This wont work, however, if you disable menu with <code>guioptions-=m</code> and this is not usable if you need to specify gVim as configuration option of some third party tools (file managers etc...).
+
A Windows alternative would be to change the properties of the shortcut to start Vim, for example:
 
There is also a <code>:winsize</code> command, but it is deprecated (see {{help|winsize}}).
 
 
====Using simalt command====
 
 
Put the following in your vimrc to maximize Vim on startup (from {{help|win16-maximized}}):
 
 
<pre>
 
<pre>
au GUIEnter * simalt ~x "x on an English Windows version. n on a French one
+
cmd /c start /max "C:\Program Files\vim\vim71\gvim.exe"
 
</pre>
 
</pre>
  +
  +
This will not work, however, if you disable the menu with <code>guioptions-=m</code> and this is not usable if you need to specify gvim as configuration option of some third party tools (file managers etc).
   
 
====Using Maximize.dll plugin====
 
====Using Maximize.dll plugin====
+
There is also a plugin with a DLL to maximize/restore the Vim window: {{script|id=1302|text=maximize.dll: Maximizing plugin for Win32 gvim}}.
There is also a plugin with a DLL to maximize/restore the Vim window: {{script|id=1302|text=maximize.dll : Maximizing plugin for Win32 gVim}}.
 
   
 
====Using Nircmd====
 
====Using Nircmd====
 
 
[http://www.nirsoft.net/utils/nircmd.html Nircmd] is a small tool from Nirsoft that can be used to automate various aspects of Windows environment. You can use it to start application maximized or maximize running application window:
 
[http://www.nirsoft.net/utils/nircmd.html Nircmd] is a small tool from Nirsoft that can be used to automate various aspects of Windows environment. You can use it to start application maximized or maximize running application window:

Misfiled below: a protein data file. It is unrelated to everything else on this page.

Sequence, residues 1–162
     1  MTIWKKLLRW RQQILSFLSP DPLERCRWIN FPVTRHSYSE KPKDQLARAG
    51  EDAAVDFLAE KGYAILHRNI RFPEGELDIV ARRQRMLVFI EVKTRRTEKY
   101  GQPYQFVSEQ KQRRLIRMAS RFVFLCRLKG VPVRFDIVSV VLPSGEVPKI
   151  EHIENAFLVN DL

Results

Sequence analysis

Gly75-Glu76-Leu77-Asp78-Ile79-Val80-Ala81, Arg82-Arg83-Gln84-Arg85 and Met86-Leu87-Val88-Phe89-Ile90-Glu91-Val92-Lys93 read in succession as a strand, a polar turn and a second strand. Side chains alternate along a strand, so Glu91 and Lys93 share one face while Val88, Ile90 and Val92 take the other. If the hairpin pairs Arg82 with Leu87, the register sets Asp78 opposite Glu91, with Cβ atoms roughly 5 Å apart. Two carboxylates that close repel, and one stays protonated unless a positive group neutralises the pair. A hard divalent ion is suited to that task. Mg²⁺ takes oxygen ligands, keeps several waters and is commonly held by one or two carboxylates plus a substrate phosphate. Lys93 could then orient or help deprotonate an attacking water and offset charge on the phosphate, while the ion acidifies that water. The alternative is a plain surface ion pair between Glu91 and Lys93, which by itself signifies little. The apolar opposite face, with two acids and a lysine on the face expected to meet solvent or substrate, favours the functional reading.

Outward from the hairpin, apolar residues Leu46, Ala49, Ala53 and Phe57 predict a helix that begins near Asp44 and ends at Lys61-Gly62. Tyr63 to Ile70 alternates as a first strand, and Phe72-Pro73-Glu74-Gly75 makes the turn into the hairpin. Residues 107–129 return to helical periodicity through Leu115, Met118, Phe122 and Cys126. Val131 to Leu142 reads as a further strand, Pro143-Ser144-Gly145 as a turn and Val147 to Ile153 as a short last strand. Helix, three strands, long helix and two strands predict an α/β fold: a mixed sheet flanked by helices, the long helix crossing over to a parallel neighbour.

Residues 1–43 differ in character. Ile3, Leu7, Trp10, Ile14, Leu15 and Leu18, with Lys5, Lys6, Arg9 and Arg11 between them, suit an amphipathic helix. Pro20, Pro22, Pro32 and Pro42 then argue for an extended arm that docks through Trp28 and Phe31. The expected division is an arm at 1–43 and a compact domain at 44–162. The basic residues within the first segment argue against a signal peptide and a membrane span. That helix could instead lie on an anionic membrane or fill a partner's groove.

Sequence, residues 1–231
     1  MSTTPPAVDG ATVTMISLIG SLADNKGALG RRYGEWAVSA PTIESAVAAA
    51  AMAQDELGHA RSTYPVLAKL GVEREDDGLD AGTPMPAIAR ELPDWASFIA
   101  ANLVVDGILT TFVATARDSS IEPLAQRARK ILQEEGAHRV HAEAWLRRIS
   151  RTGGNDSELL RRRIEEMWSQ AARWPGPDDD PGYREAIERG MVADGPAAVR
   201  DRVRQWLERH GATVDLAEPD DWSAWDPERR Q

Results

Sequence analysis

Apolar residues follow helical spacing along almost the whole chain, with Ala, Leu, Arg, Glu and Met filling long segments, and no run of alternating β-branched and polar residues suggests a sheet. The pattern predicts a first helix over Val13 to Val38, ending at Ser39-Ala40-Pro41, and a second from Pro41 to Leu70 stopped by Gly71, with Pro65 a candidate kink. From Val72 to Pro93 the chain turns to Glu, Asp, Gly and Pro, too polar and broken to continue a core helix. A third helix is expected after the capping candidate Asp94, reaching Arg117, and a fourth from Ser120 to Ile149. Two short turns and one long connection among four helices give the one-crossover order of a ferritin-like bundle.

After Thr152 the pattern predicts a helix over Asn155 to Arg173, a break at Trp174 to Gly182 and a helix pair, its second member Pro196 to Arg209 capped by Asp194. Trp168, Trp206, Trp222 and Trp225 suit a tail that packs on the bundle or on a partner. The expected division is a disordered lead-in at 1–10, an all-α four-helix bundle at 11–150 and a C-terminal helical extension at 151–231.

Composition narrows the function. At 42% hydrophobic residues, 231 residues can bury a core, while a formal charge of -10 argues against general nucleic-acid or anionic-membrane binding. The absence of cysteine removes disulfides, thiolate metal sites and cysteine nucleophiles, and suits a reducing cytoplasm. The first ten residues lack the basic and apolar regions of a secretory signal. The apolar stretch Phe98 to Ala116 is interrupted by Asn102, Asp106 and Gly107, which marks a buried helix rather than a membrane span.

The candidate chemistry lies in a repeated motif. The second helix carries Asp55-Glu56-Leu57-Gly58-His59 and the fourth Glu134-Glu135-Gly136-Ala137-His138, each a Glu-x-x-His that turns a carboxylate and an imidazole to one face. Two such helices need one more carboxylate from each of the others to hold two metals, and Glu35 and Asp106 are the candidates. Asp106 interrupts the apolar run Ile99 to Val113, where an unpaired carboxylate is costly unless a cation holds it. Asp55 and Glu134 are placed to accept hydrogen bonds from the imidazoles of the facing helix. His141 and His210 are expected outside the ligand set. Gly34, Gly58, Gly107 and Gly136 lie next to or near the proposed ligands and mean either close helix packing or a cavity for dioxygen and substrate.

+
<pre>
<pre>nircmd.exe exec max "C:\Program Files (x86)\vim\vim74\gvim.exe"</pre>
+
nircmd.exe exec max "C:\Program Files (x86)\vim\vim74\gvim.exe"
  +
</pre>
   
 
or as PowerShell function that accepts file argument
 
or as PowerShell function that accepts file argument
 
 
<pre>
 
<pre>
function gvim($file){
+
function gvim($file) {
start nircmd.exe "exec max ""C:\Program Files (x86)\vim\vim74\gvim.exe"" $file"
+
start nircmd.exe "exec max ""C:\Program Files (x86)\vim\vim74\gvim.exe"" $file"
}</pre>
+
}
  +
</pre>
   
 
===To maximize the initial Vim window under Sawfish===
 
===To maximize the initial Vim window under Sawfish===
Line 95: Line 95:
 
*Select "matched windows", "Add...".
 
*Select "matched windows", "Add...".
 
*In "macthers" select "Class".
 
*In "macthers" select "Class".
*"Grab..." and click the Gvim window.
+
*"Grab..." and click the gvim window.
 
*Select the "Maximized" checkbox and click "OK".
 
*Select the "Maximized" checkbox and click "OK".
   
Line 107: Line 107:
 
*[[VimTip883|883 Automatically maximizing gvim in KDE]]
 
*[[VimTip883|883 Automatically maximizing gvim in KDE]]
 
*[[VimTip1110|1110 Toggle gvim window size]]
 
*[[VimTip1110|1110 Toggle gvim window size]]
  +
  +
===Edit June 9, 2014===
  +
An edit put <code>simalt ~x</code> in the "more sophisticated" script, but that is already in the tip so I removed it. [[User:JohnBeckett|JohnBeckett]] ([[User talk:JohnBeckett|talk]]) 05:57, June 10, 2014 (UTC)

Latest revision as of 05:57, June 10, 2014

Tip 88 Printable Monobook Previous Next

created 2001 · complexity basic · author Leif Wickland · version 6.0


To set the initial size of the Vim windowEdit